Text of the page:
Beekeeping Mentor in a Book

Beekeeping Mentor in a Book

by Donald P. Studinski
Beekeeping Mentor in a Book

Beekeeping Mentor in a Book

by Donald P. Studinski


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This book takes you through a year of beekeeping without chemicals, with the assumption you are a complete beginner. Every other chapter is focused on a month of the year while the chapters between pick an applicable topic to explore further. This is not an idealistic view of someone who had only had a few hives for a few years, but rather it's the real experiences and wisdom of someone who has been at this a while and it shows in his writing. If you want a mentor to guide you through your first year of beekeeping with no chemicals, here is a book written for you.

Product Details

ISBN-13: 9781614761037
Publication date: 09/21/2014
Pages: 248
Product dimensions: 8.50(w) x 11.00(h) x 0.67(d)

About the Author

Don Studinski, dba Honeybee Keep, is a permaculture enthusiast and member of the board of directors at Living Systems Institute (LSI) where he applies permaculture philosophy to beekeeping. Apiaries under Don's management are located from Golden to Erie, spanning about 50 miles. Honeybee Keep manages Colorado's first Certified Naturally Grown apiaries.
Don's beekeeping articles have been published in Bee Culture magazine and on-line at
Honeybee Haven, Peak Prosperity, Bee Informed Partnership and Selene River Press.
As a beekeeping mentor, Don provides advice and counsel for students throughout the United
States. You can reach him using Colorado Bees for Colorado
Beekeepers is Don's "produce local bees" project which provides nucleus colonies for sale.
Learn more about beekeeping, read free articles and see all the products and services provided by Honeybee Keep at
Don has a BS in Computer Science and an MS in Computer Information Systems. He spent his computer career working for IBM, StorageTek, and McKesson as a programmer, manager and director. He has also owned and operated his own t-shirt and embroidery business.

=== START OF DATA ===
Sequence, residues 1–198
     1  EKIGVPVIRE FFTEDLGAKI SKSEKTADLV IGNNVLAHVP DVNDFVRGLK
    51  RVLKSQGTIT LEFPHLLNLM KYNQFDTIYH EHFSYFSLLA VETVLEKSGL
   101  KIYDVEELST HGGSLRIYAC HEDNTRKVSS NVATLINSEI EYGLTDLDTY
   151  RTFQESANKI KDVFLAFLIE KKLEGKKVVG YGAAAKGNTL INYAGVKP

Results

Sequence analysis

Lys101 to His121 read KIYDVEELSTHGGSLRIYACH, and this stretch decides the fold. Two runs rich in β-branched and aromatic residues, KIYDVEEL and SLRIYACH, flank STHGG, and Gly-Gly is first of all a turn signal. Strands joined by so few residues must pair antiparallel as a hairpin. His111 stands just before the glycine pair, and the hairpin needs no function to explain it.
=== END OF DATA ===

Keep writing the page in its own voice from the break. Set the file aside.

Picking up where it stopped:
Today, Don spends his time as a beekeeper, mentor and community building activist. He removes bees and wasps from structures, collects swarms, sells honey, performs public speaking, provides honey extraction and provides beekeeping consulting.

Table of Contents

1. Forward xvi
2. January ... Always Think Ahead 1
Expect the Unexpected 2
Dealing with Disaster 4
What Should be Ready Now 5
Making Plans 6
Thinking of Spring 8
3. Facts You Should Know 9
Queens, Workers and Drones 10
Honeybee Forage 15
4. February ... Anticipating Spring 17
Performing Postmortem 20
Swarm Preparations 22
Hive Placement 24
Planning Splits 24
Drone Frame 25
Exterior Hive Seal 26
Interior Hive Seal 27
Early Pollen 28
5. Know Your Cells 29
6. March ... The Most Exciting Time of Year 35
Dead-Out Inspection 36
First Inspection 39
More About Swarm Cycle 44
Remember This in March 45
7. Tools of the Trade 47
Bee suit and variations 48
Gloves 49
Washing 49
Treating a Sting 50
Foot Protection 50
Hive tools 51
Smoker 51
Student Questions 52
Attitude 52
Hive Types 53
8. April ... Swarms, Nucs and Packages 57
Inverting Deeps 58
Acknowledge Beekeeping Challenges 60
The Split Process 61
Splits Performed 64
Queen Cells 65
Split Progress 67
Unplanned Split 68
Swarm Season Kickoff 68
Installation 69
9. Disease, Parasite and Pest 73
American Foulbrood 74
Chalkbrood 75
Nosema 76
Small Hive Beetle 77
Varroa Mite 77
Wax Moth 78
10. May ... Building Comb 81
Brood Pattern, Managing Comb 82
Concerning Drones and Mating 86
Identifying Laying Worker or Drone Layer 87
Queen Difficulties 88
Queen Health Inspection Timing 89
Queen Health Inspections 92
Deeps and Supers 94
11. Moving and Merging 97
Orientation 98
Moving Honeybees 99
Merging Honeybees 102
12. June ... Quiet Time 105
Consider Your Varroa Load 107
Smoke Alternatives 109
Mite Control Split Planning 110
Honeybee Tummies 111
Student Questions 113
13. Superorganism 117
14. July ... Mite Control 121
Better Have Smoke 122
Varroa destructor 124
Student Questions 128
Wisconsin Questions 133
North Carolina Questions 135
15. No Poison Required 137
16. August ... Harvest Preparation 143
What You Need 144
Example Schedule 146
Bizarre Weather Impacts Bees 148
How Much Intervention? 149
Getting Bees Off Your Harvest Frames 149
Three Deeps - Why and How 150
Mouse Guard 151
17. Apitherapy 153
Bee Bread 155
Beeswax 155
Honey 155
Pollen 156
Propolis 156
Royal Jelly 156
Venom 157
18. September ... Harvest 159
Harvest 160
Picture Story 161
19. Beekeeping Income 171
Is It Work? 172
Income Streams 172
State Regulations 175
20. October ... Finalize Winter Preparation 177
Cold is coming 178
Drone Termination 179
A Mentor's Year 179
21. Eliminating a Laying Worker 181
Shake and Forget 182
Give Them Brood 182
Queen at the Wall 183
Queen in a Cage 183
Extended Merge 183
Shake and Hope 183
22. November ... No Peeking Begins 185
Feeding Honeybees 187
Let's Celebrate Solstice 191
Good Time for Laundry 191
Check In On Your Bees Regularly 192
Student Questions 192
23. Honeybee Candy 195
Glucose vs HFCS 196
Sugar 197
Recipe and Advice 197
24. December ... Candy Installation 201
Planning Winter Chores 202
Inconvenient Interruptions 203
Student Questions 204
Puttin' On the Candy 206
25. Beekeeping Industry Transition 207
26. Epilogue 211
27. Glossary 215
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